Mapping the Kumbh Mela

Interdisciplinary faculty and student research on a “Pop-up Mega City”

Why a Harvard Finance Instructor Went to the Kumbh Mela

with one comment

HBS Working Knowledge at Forbes   Forbes

by John Macomber

…I’m in a winter coat and hat in the January pre-dawn cold and dark, standing on sandbags on a riverbank in the middle of Uttar Pradesh, India. Pilgrims and the faithful and the respectful come to the river this morning by the hundreds, clad in the minimum, praying and splashing and releasing marigold wreaths and rafts of small oil lamps into the river. This is not like any field research I’ve done before.

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Two pilgrims pass an Akhara façade in the evening on Triveni Marg, a temporary boulevard. (Photo credit: John Macomber)

Thirty-five Harvard colleagues and I are at the Kumbh Mela in Allahabad, India, a mass pilgrimage in which tens of millions of Hindus gather to bathe at the confluence of the sacred Ganga (Ganges) River, the Yamuna River, and the mythical underground Saraswathi. Legend says that on his return to the Himalaya, Vishnu flew over this spot and dropped sacred nectar from a pitcher – a kumbh.

Six months ago this land was under 30 feet of water. Three weeks from now this will become the largest city on earth, the largest single-purpose gathering of humanity in history. Every 12 years, when the moon and stars are aligned, this becomes the most auspicious spot in Hinduism, and there is a six-week-long festival, or mela, for the millions of pilgrims. The Maha Kumbh Mela is happening right now. It’s expected to draw close to 200 million people over almost eight weeks, and as many as 30 million in a single day. The Harvard team is here to learn about why and how.

Our team is led by Prof. Diana Eck of the Harvard Divinity School. She is a world expert on pilgrimages and the author of definitive books about the rivers of India.   Prof. Rahul Mehrotra, chair of the department of urban planning and design at the Harvard Design School, has a team on site mapping and photographing the city that has sprung up here.  Prof. Greg Greenough of the Harvard School of Public Health is directing researchers interested in everything from the pH of the Ganga to the quality and quantity of toilets to the structure of the medical response teams in place; after all, from time immemorial pilgrimages have been perfect places to transfer and share not only information, but disease as well.   From Harvard Business School, I am here to discover what the Khumb Mela can teach me about real estate, urbanization, sustainability, and infrastructure.   We are all here to witness how devotion, design, health, and finance come together…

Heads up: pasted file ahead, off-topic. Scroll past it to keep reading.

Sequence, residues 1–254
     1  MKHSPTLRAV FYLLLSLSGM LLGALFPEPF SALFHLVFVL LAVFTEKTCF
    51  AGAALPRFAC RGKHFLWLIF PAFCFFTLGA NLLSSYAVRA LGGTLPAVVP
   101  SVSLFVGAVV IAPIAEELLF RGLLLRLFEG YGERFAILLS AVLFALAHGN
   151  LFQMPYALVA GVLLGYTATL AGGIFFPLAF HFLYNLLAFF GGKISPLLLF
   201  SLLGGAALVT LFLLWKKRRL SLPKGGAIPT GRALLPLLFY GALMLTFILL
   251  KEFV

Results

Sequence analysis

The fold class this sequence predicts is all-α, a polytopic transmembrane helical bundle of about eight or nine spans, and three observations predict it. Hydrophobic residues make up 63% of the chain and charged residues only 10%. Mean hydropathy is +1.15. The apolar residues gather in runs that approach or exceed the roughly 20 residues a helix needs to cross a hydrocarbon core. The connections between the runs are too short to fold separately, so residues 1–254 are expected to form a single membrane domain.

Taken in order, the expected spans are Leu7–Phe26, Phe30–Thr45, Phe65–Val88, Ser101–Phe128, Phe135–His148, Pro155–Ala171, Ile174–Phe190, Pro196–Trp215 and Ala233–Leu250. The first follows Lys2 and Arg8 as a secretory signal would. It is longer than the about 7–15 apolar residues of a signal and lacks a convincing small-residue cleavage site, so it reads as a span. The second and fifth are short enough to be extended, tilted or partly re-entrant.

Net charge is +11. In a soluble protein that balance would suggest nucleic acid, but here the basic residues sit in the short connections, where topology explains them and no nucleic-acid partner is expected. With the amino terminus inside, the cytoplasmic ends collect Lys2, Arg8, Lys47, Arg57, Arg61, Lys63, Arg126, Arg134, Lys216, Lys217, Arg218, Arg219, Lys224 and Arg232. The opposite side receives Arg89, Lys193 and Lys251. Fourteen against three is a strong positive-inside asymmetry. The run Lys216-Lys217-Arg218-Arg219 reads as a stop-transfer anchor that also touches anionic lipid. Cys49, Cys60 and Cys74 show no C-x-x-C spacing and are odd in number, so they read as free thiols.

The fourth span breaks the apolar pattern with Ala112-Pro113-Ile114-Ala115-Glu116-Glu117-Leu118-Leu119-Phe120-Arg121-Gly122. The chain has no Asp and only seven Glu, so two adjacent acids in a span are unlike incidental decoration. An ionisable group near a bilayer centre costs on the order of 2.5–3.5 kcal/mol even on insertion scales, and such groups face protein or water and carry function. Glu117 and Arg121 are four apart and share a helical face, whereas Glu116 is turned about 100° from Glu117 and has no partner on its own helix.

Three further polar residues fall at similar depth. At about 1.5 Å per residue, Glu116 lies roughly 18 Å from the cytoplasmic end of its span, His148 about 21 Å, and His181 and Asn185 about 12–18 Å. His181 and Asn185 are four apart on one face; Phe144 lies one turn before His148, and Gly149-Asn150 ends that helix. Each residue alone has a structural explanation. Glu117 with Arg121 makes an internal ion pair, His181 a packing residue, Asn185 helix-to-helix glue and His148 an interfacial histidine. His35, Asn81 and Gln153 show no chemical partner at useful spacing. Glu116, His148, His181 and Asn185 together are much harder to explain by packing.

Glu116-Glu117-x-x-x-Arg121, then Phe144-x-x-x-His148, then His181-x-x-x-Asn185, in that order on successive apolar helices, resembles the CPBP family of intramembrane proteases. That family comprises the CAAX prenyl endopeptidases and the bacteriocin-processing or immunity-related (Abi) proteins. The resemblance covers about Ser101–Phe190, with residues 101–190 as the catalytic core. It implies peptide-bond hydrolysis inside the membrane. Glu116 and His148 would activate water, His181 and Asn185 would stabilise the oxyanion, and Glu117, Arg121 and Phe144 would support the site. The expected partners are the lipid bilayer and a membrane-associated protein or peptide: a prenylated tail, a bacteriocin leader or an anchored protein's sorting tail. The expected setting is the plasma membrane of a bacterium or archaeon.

Read more on Forbes Working Knowledge

Read more on HBS Working Knowledge

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Written by jdmacomber

January 25, 2013 at 3:21 am

One Response

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  1. I have been to this mela long back. it is one experience you will never forget. never. soak in everything :)

    Tanushree Srivastava

    January 25, 2013 at 6:58 am


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